I have noticed that a lot of girl boarders right now are in their mid-to-upper 20s, if not older, and hardly any new girls are getting into it. When I started filming I was 16 and so was everybody else. Now the same group of people, with a few newcomers, are still filming. But I’m not surprised. Why would anybody want to start filming if all their favorite pro female street riders obviously don’t get paid? And if all the money is in slopestyle? Not something to look forward to, huh? Year after year we film each other, as all paid filmers are typically reserved for the male team members and are in short supply. Finding and compensating a filmer is the girl’s job to handle on her own if she wants it bad enough. How is it that Jess Kimura had to pay out of her own pocket to support what seems like the entire generation of women’s street snowboarding?
- Madison Blackley
That’s a big question. I could touch on a lot of different things, and I’m pretty sure everyone knows what they are! And if they don’t, well, that’s also part of the problem. I think the only way things are going to change is if people start to give a shit about women in sport. There’s a big movement of women in skateboarding right now. If we don’t follow that lead, it will be pretty embarrassing. It’s not rocket science. Women should be given equal opportunities in every sport. Once that happens I think we will see a big change in content, progression, and just more women in sports overall.
- Kennedi Deck
I think there has been a very small area in women’s snowboarding for us to really thrive. Most companies just have that “token girl” on the team and do not make much room for others. I think that created a lot of hostility between females back in the day, which I think really hurt the progression on our side until now. The companies I currently work with - K2, O’Neill and Dang - don’t run that way, thankfully. I think they are on the forefront of giving more space for more girls to have a chance. One way to solve this problem is just giving more girls that opportunity to shine.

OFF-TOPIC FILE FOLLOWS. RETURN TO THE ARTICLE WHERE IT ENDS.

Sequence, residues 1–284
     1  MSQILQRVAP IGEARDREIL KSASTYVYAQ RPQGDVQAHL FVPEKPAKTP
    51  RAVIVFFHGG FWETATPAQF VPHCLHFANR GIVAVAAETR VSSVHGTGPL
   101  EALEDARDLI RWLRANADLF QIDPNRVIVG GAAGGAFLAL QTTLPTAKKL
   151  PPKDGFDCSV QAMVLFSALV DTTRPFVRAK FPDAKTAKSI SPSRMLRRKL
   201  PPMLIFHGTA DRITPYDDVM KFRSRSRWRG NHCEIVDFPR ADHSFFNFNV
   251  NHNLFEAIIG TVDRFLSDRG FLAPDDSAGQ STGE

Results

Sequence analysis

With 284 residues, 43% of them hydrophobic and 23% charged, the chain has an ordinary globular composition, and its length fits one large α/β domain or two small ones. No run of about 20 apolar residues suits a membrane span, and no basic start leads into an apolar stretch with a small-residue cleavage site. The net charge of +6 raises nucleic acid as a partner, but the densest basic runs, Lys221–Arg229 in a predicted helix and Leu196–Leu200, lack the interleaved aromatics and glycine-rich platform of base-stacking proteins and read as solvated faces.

Along the same lines, big film companies usually just have “room” for one female in a movie. I think that’s an outdated model. Why not have three or four or even equal number to guys? When I was a little girl I would fast forward through all the guy’s parts just to watch my favorite girls board. I feel like the number of girl boards are increasing fast so why not have more girls involved? Not to mention the level of girls riding is getting insane! I could go on but I do think things are getting better already. I think it’s time for us to stop talking about getting more and just start being so good that they can’t say no.
- Melissa Riitano
I think girls like us who are aiming for expression in movies are harder to evaluate than men. As a practical matter, it is difficult to get financial support from sponsors. And it is difficult to hire filmers. I understand that when these evaluations are made, that there is a difference in physical ability compared to men. So is the female snowboarder a degraded version of the male snowboarder? I think it is exactly the opposite. I think that there is an excitement only women can provide because they express a style that’s only given to women. I hope that the industry as a whole will pay attention to this fact so that talented women can more freely express themselves.
- Miyon Yamaguchi